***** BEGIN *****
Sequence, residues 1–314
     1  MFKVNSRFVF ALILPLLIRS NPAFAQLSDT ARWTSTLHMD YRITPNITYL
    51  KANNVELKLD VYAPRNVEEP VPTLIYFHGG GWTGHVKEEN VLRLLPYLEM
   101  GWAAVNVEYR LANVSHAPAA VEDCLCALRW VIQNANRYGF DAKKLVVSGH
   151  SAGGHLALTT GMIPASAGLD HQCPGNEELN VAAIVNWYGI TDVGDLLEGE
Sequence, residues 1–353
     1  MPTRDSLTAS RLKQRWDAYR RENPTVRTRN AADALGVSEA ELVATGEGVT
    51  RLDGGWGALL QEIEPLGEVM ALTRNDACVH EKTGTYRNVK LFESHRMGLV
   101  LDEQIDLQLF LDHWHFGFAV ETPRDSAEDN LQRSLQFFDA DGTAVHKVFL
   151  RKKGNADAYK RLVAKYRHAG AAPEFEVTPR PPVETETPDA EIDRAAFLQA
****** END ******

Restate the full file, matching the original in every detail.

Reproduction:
Sequence, residues 1–314
     1  MFKVNSRFVF ALILPLLIRS NPAFAQLSDT ARWTSTLHMD YRITPNITYL
    51  KANNVELKLD VYAPRNVEEP VPTLIYFHGG GWTGHVKEEN VLRLLPYLEM
   101  GWAAVNVEYR LANVSHAPAA VEDCLCALRW VIQNANRYGF DAKKLVVSGH
   151  SAGGHLALTT GMIPASAGLD HQCPGNEELN VAAIVNWYGI TDVGDLLEGE
Sequence, residues 1–353
     1  MPTRDSLTAS RLKQRWDAYR RENPTVRTRN AADALGVSEA ELVATGEGVT
    51  RLDGGWGALL QEIEPLGEVM ALTRNDACVH EKTGTYRNVK LFESHRMGLV
   101  LDEQIDLQLF LDHWHFGFAV ETPRDSAEDN LQRSLQFFDA DGTAVHKVFL
   151  RKKGNADAYK RLVAKYRHAG AAPEFEVTPR PPVETETPDA EIDRAAFLQA